I just acquired an Ibanez SR506 6 string bass. I would like some help in determining how this bass is finished. I know how to determine if the finish is poly or nitro or shellac, but to me the finish on this bass looks like it was just wiped with stain. Or is it stained and varnished? As always, thank-you for and looking forward to replys.

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Not an expert but judging from the dings on the back it's not wipe on stain. It reminds me of the finish used on a lot of kitchen cabinets with the color in the finish. I noticed that even the light scratches lighten in color which means that they have removed pigment from the surface as the finish is removed A wipe on stain would be soaked into the surface of the wood more than that and the color would remain under the light scratches. 

It looks to me like a light/thin layer or two of flat lacquer/pigment that was sprayed on. The neck looks to me like it was finish separately and might not be the same finish as the body.    

Hi Ned, thanks for the reply. I believe Paul is right-I did the poly test. I was a little concerned about attempting the test before I posted because I couldn't make up my mind where a good spot was to do the test. I know better now that I've thought it through.

Hello Lee.

It's a poly finish.

Those are REALLY NICE contemporary basses. Nice score.

Paul (:

Hi Paul, thank-you for your reply. I got it for $100.00 and some banjo lessons (fellow teacher in my school district). I'd like to touch up some of the dings-get the mohagany color back in. What would be the best way? I haven't worked with poly before now. I've been able to steam out some of the deep dings, but not totally back to the way it was before. Also, I don't like the way it finished-feeling the grain. Would I be able to fill the pores effectively then spray on a couple of thin coats of poly? Or could I shellac then spray nitro? Looking forward to your expertise!

It's a thin satin polyurethan finish. Kind of hard to touch up. I would use very thin CA glue then scrape the excess and try to get the same gloss (or non-gloss) with steel wool, leather pad... whatever I think can help.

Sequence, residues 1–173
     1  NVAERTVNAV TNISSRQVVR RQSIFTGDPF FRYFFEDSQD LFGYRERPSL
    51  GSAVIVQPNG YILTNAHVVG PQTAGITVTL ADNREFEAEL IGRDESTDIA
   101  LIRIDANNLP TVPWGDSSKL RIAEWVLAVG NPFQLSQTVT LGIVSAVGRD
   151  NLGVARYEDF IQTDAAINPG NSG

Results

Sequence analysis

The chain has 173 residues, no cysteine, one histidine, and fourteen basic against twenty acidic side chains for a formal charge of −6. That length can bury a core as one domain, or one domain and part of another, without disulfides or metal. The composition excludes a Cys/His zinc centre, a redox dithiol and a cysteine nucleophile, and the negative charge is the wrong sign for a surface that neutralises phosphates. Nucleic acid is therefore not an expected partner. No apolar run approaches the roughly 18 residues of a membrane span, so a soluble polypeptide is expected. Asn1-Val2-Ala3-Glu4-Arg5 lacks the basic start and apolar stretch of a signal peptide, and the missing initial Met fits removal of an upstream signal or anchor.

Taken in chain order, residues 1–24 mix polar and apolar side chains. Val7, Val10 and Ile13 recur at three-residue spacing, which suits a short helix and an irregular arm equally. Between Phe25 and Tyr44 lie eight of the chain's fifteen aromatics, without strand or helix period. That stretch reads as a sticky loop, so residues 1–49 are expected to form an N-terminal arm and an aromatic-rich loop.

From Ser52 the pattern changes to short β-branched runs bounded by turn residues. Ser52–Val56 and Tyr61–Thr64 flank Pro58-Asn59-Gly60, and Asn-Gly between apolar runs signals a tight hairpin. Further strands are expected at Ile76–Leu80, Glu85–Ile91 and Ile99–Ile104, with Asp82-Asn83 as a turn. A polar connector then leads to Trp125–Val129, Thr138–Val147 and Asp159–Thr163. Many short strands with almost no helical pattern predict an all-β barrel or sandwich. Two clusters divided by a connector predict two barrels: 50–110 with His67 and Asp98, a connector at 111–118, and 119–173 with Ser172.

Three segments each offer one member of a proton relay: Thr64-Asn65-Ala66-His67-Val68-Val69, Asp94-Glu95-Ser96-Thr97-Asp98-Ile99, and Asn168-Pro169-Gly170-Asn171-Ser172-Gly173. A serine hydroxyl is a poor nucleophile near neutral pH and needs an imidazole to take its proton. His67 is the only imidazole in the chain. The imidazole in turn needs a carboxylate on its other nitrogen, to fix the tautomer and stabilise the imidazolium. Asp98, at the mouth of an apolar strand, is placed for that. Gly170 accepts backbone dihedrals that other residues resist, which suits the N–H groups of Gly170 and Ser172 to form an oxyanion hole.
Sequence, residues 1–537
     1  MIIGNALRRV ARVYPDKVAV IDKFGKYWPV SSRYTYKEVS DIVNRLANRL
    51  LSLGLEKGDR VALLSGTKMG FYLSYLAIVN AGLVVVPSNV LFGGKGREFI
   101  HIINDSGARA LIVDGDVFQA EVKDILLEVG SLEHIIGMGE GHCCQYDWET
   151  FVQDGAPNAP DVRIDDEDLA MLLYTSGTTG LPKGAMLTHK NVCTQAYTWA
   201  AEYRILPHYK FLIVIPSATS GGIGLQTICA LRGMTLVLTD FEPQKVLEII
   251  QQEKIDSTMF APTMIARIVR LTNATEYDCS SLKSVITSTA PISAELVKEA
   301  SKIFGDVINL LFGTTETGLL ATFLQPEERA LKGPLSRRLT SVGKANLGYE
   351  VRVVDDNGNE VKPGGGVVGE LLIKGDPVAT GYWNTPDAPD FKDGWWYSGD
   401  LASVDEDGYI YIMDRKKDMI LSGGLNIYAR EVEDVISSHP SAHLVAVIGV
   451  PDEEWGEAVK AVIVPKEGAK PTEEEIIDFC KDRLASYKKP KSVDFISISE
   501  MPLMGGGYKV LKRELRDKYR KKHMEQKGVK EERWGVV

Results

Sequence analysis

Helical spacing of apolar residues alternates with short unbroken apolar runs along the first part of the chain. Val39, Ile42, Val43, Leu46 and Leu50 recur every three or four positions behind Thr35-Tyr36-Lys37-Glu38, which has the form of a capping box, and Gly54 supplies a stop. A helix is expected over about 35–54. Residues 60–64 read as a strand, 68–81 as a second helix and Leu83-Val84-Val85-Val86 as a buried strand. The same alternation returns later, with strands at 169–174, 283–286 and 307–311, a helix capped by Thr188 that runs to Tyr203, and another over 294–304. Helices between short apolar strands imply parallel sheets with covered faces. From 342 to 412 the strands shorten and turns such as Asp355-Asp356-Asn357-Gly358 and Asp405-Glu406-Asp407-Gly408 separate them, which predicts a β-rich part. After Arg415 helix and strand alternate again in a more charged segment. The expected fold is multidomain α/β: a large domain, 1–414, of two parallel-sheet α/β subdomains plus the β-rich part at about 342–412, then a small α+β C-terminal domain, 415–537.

Touchups are not easy. One of the hardest science to master.

Hi Pierre, thank-you for your reply. I kinda figured that it wasn't going to be easy. I've got other instruments to practice on before I get into SR506.

Hi Lee.

Pierre gave you the best plan to follow for touching up the dings.  When he stated that was a difficult task to master, he wasn't kidding.  Touch-ups on stain finishes are virtually impossible to blend-in invisibly.  I'll only add that to give the instrument a cohesive appearance post ding fills, go over the whole instrument w/0000 steel wool or the white Scotch Brite pads (available at auto paint shops).

As for the feel of the neck, I'd give it a good sanding w/400 grit (use it dry) give the new/additional finish something to bite into.  Then, I'd brush on (or spray...your choice) enough coats of poly to fill the grain (sand between every 2 coats to level the surface).  Be sure to let the finish full cure before sanding.  Once it builds to the desired level, give it a light wet sanding w/400, 600, 1000 & 1500 and a final rub with Meguiar's # 7 and you'll have the same feel as a high end custom instrument.

Oh got that bass for one heck of a great deal!!!!

Have fun with your project,


Hi again Paul,

Time for me to get some Meguiar's and use my other bass for a little while longer.

Any recommendations for brand of poly? I plan on spraying so I can improve on my technique.

I set it up-returned the neck to have some relief. When I got it, someone had tightened the truss rods so the neck was in a slight back bow. New strings, adjust for intonation, minor pickup and string saddle height adjustment and everyone at church was sitting up and taking notice and making compliments. Yup, heck of deal for both of us.

Thanks for your advice and help and I do plan on having fun!

"Any recommendations for brand of poly?"

Not really Lee.  I'd say just stick with a trusted name brand.     This looks good for the back of a bass neck:

And the adventure begins! Thanks Paul.


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